‘No indication’ that missile that hit Poland was an ‘attack’ but NATO says Russia is to blame as it strikes Ukraine
NATO Secretary General Jens Stoltenberg said Wednesday there was “no indication” that a a missile that fell in Polandkilling two people on Tuesday was the result of a deliberate attack by Russia, “and we have no indication that Russia is planning offensive military action against NATO allies.”
“I think this demonstrates the dangers associated with the ongoing war in Ukraine, but it has not changed our fundamental assessment of the threat against NATO allies,” Stoltenberg told reporters on Wednesday after a meeting of NATO ambassadors.
He said preliminary findings showed it was likely the missile was a Ukrainian air defense missile, but that “Russia bears responsibility for what happened yesterday in Poland” because it was a “direct result” of ongoing Russian attacks on Ukraine.
Poland is a member of NATO, so if the missile strike was a hostile attack by Russia, it could have prompted a response from allies under the collective defense treaty that underpins the transatlantic military alliance, including the United States.
The origin of the missile that struck Polish territory on Tuesday night has not been confirmed, but by Wednesday both US and Polish leaders indicated it was unlikely to have been fired by Russia.
President Biden joined other Western leaders in calling for a full investigation into the strike, but said he believed the missile was unlikely to have been launched by Russia based on preliminary evidence of its trajectory and that it could instead have been the result of a Ukrainian intercepting or attempting to intercept a Russian attack.
“We’ll see,” Mr. Biden said on Tuesday. “I’ll make sure we find out exactly what happened.”
When he arrived at the White House very early Thursday, reporters asked the president about Ukrainian President Volodymyr Zelensky’s claims that the missile was not Ukrainian. Mr Biden replied: “That’s not the evidence.”
Polish President Andrzej Duda echoed Mr Biden’s assessment on Wednesday morning, saying it was most likely a Ukrainian missile that fell by accident right on Polish territory, near the border with Ukraine. He said it did not appear to be a “deliberate attack” by Russia.
The Polish president repeated his remarks from the previous day, saying he and his allies were “acting calmly” because “this is a difficult situation”.
US Defense Secretary Lloyd Austin agreed, telling reporters at a briefing on Wednesday: “We have seen nothing to contradict President Duda’s preliminary assessment that this explosion was most likely the result of a Ukrainian air defense missile that unfortunately it fell in Poland.” Like other Western leaders, Austin also said that “Russia bears the ultimate responsibility for this incident.”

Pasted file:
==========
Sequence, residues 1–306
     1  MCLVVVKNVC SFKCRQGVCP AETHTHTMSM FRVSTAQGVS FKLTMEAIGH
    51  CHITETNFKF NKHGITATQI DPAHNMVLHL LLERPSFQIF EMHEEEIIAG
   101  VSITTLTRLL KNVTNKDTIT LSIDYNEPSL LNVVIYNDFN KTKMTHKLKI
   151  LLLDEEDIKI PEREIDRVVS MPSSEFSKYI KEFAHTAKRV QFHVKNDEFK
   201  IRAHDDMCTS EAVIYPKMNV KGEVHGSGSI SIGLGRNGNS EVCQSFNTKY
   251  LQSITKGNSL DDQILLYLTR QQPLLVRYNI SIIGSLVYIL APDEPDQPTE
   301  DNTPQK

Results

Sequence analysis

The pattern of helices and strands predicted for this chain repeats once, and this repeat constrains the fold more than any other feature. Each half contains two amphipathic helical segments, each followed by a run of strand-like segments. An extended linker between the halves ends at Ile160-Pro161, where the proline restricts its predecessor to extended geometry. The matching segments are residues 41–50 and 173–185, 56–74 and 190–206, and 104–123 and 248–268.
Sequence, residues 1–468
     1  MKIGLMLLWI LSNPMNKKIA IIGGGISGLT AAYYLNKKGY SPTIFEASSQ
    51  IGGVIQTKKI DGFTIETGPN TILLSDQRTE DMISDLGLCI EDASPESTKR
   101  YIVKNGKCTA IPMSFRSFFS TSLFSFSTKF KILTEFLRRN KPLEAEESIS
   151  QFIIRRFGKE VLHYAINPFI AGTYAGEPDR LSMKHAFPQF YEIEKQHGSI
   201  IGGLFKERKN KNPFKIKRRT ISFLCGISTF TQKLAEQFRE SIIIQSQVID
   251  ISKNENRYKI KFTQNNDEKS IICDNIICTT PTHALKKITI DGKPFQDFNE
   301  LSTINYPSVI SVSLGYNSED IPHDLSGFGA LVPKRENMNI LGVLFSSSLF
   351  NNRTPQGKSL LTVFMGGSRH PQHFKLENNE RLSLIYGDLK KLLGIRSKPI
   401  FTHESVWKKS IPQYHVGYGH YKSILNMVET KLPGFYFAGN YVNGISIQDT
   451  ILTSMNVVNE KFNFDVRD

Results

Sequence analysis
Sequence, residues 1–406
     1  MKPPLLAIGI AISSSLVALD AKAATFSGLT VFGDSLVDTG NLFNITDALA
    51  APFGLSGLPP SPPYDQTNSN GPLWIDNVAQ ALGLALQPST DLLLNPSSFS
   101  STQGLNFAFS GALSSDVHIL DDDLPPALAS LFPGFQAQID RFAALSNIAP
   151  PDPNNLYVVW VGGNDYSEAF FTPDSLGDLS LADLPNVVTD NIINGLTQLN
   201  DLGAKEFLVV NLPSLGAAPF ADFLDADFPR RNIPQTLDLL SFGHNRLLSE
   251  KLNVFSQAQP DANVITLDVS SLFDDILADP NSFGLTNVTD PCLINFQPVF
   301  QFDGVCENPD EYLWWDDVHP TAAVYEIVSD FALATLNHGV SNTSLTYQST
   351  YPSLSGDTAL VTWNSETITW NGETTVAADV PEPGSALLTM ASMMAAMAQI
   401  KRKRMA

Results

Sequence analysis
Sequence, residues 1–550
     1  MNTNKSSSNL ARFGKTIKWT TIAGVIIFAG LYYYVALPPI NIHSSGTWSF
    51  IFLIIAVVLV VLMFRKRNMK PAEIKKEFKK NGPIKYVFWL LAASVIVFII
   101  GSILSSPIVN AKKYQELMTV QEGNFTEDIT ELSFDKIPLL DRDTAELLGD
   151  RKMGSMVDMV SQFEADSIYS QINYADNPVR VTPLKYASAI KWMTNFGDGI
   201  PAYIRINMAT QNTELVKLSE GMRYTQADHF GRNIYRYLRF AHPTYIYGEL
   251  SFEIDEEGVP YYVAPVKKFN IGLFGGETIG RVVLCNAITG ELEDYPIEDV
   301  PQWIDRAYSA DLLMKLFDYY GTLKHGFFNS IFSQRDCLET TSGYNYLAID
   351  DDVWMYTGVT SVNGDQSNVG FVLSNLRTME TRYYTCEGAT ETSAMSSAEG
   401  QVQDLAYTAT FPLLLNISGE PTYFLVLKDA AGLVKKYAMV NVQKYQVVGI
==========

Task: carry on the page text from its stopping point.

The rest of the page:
The secretary of the National Security and Defense Council of Ukraine called on social networks to “jointly investigate” the incident. He said Ukraine expected to be able to review the evidence for any conclusion that the missile that fell in Poland was a Ukrainian air defense system, and asked that Ukrainian officials be given access to the site.
Zelensky said later Wednesday that he believed reports he had received from Ukraine’s air force that the missile was not Ukrainian. He also called on Ukraine to be allowed to visit the site in Poland.
“I have no doubt in the Air Force report that it was not our missile and it was not our missile strike. I have no reason not to believe them. I went through the war with them,” Zelensky said at a press conference. “Do we have the right to participate in the investigation team?” Of course.
Polish investigators were hard at work in the missile crater earlier on Wednesday and had set up a police cordon several meters away, BBC News’ Dan Johnson reported from the scene. Residents of the area, which is only about 10 miles from the Ukrainian border, have been nervous that the war could spill over into their community since Russian leader Vladimir Putin launched his invasion on Feb. 24, Johnson noted.
Russia fired more than 90 missiles and drones at Ukrainian cities on Tuesday, plunging ten million households into darkness, the Ukrainian government said. It was the largest single missile barrage Russia had fired during the war.
“This is a Russian missile attack against collective security,” said Ukrainian President Volodymyr Zelensky. “This is a very significant escalation. We must act.”
The Kremlin denied responsibility for the missile landing in Poland and called the reaction of European leaders “hysterical”, while noting the “restrained and much more professional” US response.
Pushing for a thorough investigation, Western leaders including German Chancellor Olaf Scholz and British Prime Minister Richie Sunak said Russia bore ultimate responsibility for the missile landing in Poland.
“This would not have happened without the Russian war against Ukraine, without the missiles that are now being fired at Ukrainian infrastructure intensively and on a large scale,” Scholz said.
“This is the cruel and merciless reality of Putin’s war,” Sunak said.
CBS News correspondent Chris Livesey contributed to this report.
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